Intro/Disclaimer: A few months ago I started preparing updates for the attorneys at my firm practicing in the Web3 space regarding what legal stories people were talking about the prior week. I believe eventually we are going to do monthly or bi-weekly posts on the award winning BitBlog summarizing the top stories with tl;dr breakdowns on the stories’ importance and general thoughts on their ripple effects on the industry. In the meantime, I thought I would start putting the weekly updates on my personal blog as well on Tuesdays. Note, any opinions from these (or any of my other) blogs are mine alone, and are not adopted or endorsed by my firm.
Staking is dead! Long live staking! Some big news from the SEC this week as David punched back against Goliath in the SEC vs. former Coinbase employee insider trading case, and the news of cryptocurrency’s US staking death is greatly exaggerated as the SEC shuts down Kraken’s staking-as-a-service product which gives one less safe option for US users to gain those sweet sweet validator rewards. Read below for my breakdown of those major stories and some other legal blockchain developments which crossed my desk this week.
Ishan Wahi Files Motion to Dismiss in Coinbase Employee Insider Trading Case
Back in July of 2022 a Coinbase employee, his brother, and friend were charged by the SEC for insider trading regarding their use of insider knowledge at Coinbase on what cryptocurrencies would be offered next on the platform. That Complaint is available here. This past week, that former employee and his brother filed a Motion to Dismiss the SEC’s Amended Complaint. That MTD is available here.
Tl;dr– We wrote an article on the Bitblog when the SEC case was first announced (available here) and I wrote a summary of this MTD which is available here. Shocked would be an understatement when I saw Ishan Wahi plead guilty to wire fraud charges (and faces jail time for same) only to turn around and fight the good fight against the SEC’s classification of the digital assets he sold as securities. As I stated in my longer article, if the Wahi Defendants are successful in dismissing the SEC’s claims against them, that case law does little to support blockchain network developers, but is a huge win for retail crypto purchasers and companies that build on those blockchain networks as their critical infrastructure. It is unclear who is funding this MTD.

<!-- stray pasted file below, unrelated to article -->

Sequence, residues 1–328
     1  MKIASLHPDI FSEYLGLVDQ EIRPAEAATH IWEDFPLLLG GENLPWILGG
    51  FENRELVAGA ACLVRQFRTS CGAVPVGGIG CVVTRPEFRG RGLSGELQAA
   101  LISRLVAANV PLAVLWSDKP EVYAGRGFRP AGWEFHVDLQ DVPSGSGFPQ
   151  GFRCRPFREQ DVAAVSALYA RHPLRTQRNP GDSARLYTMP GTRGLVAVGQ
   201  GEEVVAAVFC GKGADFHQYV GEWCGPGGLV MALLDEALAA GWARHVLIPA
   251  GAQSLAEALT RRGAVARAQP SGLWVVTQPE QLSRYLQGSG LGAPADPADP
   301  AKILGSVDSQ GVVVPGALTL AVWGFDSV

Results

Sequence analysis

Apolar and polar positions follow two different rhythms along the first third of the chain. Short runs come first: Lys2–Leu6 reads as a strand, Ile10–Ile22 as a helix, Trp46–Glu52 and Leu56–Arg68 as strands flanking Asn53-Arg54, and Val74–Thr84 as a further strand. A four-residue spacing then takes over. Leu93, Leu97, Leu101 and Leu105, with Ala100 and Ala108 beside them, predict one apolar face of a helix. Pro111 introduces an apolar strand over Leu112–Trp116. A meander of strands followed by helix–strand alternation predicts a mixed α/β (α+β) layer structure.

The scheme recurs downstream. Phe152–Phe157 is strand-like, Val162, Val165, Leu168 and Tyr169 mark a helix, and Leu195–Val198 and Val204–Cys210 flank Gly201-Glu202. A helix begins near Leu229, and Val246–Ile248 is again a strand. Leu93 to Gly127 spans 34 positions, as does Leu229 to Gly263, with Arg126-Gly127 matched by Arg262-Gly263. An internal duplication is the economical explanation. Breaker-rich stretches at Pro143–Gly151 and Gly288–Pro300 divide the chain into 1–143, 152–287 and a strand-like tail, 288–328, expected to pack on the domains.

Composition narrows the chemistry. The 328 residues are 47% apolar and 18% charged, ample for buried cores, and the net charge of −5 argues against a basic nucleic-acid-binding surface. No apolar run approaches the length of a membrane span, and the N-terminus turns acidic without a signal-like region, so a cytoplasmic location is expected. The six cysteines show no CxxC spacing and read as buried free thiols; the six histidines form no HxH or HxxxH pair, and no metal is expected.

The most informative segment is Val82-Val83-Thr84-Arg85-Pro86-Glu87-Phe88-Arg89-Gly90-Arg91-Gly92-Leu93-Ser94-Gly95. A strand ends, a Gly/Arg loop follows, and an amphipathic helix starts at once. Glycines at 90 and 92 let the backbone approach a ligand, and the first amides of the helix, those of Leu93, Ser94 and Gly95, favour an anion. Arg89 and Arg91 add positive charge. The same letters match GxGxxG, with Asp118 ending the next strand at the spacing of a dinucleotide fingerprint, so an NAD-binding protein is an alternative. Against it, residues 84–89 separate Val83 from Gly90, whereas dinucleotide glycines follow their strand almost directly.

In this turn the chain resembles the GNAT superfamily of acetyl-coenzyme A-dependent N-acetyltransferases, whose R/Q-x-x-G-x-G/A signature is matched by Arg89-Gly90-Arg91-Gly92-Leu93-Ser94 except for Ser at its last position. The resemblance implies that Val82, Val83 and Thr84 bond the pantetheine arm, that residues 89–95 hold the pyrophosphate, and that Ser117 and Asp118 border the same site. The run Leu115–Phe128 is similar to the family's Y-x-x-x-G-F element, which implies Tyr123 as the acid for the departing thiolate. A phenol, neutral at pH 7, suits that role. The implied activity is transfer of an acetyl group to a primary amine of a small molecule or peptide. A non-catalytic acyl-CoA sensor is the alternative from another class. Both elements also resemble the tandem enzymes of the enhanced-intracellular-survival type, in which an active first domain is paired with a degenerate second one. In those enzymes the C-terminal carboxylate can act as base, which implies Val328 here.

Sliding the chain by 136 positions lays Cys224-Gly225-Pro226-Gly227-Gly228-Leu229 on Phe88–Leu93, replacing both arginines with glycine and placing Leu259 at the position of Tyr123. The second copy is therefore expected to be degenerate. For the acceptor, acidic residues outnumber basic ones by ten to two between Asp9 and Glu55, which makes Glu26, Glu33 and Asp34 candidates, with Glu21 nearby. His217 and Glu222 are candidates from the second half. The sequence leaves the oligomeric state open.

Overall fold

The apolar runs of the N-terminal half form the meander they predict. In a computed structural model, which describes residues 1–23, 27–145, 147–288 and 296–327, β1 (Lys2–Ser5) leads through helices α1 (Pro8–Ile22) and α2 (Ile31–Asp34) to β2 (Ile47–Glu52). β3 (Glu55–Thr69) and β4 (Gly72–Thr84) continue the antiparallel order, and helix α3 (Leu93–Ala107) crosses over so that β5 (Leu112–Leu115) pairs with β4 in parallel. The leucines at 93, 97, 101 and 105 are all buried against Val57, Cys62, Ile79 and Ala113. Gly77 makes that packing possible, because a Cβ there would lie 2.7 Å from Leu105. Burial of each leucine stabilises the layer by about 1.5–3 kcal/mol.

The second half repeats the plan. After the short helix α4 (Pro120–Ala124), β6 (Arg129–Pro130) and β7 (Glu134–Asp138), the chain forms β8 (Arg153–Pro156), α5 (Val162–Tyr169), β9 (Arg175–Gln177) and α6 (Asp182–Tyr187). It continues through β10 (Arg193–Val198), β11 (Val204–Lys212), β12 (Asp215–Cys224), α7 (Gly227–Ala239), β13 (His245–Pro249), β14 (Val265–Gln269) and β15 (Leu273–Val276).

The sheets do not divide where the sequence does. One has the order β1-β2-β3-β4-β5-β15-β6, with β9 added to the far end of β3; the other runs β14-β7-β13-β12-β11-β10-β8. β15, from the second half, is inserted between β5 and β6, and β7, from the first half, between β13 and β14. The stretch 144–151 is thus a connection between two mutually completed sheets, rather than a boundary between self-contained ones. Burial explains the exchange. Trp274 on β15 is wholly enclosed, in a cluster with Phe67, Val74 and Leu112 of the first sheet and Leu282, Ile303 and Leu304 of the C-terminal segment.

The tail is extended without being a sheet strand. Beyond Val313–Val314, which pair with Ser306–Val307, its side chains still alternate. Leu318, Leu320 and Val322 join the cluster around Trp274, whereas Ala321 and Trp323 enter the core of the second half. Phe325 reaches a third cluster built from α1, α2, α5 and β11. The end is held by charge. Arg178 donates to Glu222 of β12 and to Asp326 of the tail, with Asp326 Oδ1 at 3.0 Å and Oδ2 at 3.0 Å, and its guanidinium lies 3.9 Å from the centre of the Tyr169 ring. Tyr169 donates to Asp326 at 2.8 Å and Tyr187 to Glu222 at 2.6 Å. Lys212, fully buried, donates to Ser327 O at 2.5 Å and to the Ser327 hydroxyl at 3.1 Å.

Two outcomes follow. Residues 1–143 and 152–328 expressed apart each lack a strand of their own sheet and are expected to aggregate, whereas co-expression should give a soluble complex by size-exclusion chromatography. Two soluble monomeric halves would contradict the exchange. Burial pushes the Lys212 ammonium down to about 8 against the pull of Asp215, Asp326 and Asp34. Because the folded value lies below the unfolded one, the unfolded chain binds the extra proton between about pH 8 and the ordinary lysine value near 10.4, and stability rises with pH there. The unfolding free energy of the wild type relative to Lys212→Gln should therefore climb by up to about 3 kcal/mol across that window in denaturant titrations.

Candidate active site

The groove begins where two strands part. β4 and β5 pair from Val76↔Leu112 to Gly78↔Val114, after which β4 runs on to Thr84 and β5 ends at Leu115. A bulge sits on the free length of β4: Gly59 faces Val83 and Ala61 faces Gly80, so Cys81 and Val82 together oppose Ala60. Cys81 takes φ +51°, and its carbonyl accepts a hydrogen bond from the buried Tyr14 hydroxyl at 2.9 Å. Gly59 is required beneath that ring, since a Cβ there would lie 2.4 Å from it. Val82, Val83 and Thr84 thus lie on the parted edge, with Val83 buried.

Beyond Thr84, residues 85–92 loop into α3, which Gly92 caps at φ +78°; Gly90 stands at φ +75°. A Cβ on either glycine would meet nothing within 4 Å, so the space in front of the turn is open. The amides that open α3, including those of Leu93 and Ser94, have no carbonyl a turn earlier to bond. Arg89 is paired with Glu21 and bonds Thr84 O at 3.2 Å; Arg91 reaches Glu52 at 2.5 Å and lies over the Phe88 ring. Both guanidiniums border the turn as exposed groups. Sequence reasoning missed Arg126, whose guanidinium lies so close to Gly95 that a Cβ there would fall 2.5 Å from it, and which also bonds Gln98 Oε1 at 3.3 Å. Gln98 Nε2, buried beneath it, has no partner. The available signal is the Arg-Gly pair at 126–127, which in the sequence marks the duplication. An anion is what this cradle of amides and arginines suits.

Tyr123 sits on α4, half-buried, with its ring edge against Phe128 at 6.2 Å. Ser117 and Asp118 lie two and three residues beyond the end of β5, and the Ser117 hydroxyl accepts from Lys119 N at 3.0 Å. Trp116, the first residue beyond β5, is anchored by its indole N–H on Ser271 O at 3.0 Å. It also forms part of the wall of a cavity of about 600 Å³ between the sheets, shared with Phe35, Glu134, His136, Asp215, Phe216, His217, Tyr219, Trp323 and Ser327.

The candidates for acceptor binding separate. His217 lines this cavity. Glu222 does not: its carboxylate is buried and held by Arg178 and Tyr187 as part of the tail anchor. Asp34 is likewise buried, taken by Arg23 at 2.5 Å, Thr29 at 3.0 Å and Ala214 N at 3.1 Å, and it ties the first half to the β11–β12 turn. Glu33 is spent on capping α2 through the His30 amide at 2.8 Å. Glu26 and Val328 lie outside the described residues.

SEC Fines Kraken $30 Million For Staking-As-A-Service Product
The SEC issued a $30 million fine against Kraken cryptocurrency exchange and ordered the company permanently shut down its staking-as-a-service product. The product allowed people to “stake” their cryptocurrency for a regular interest payment and no minimums with the ability to “unstake” the currency at any time.
Tl;dr– Gabe Shaprio had a pretty solid thread explaining an opposition to the SEC’s position while back-tracking when the Complaint was revealed and it was determined rewards were not based on pro rata distribution of node earnings among other issues. This appears to be another example of “consumer protections” where the consumers are driven away from seemingly good actors like Kraken to less secure options. It should be noted that this is not a ban on staking, but instead appears to be a case where a company was providing an investment vehicle which used “staking” to pay back investment interest but which was not a purely “staking-as-a-service” type of software/hardware service provider arrangement. Crypto mom (SEC Commissioner Hester Pierce) and house majority whip Tom Emmer have come out in stout opposition to this latest SEC action.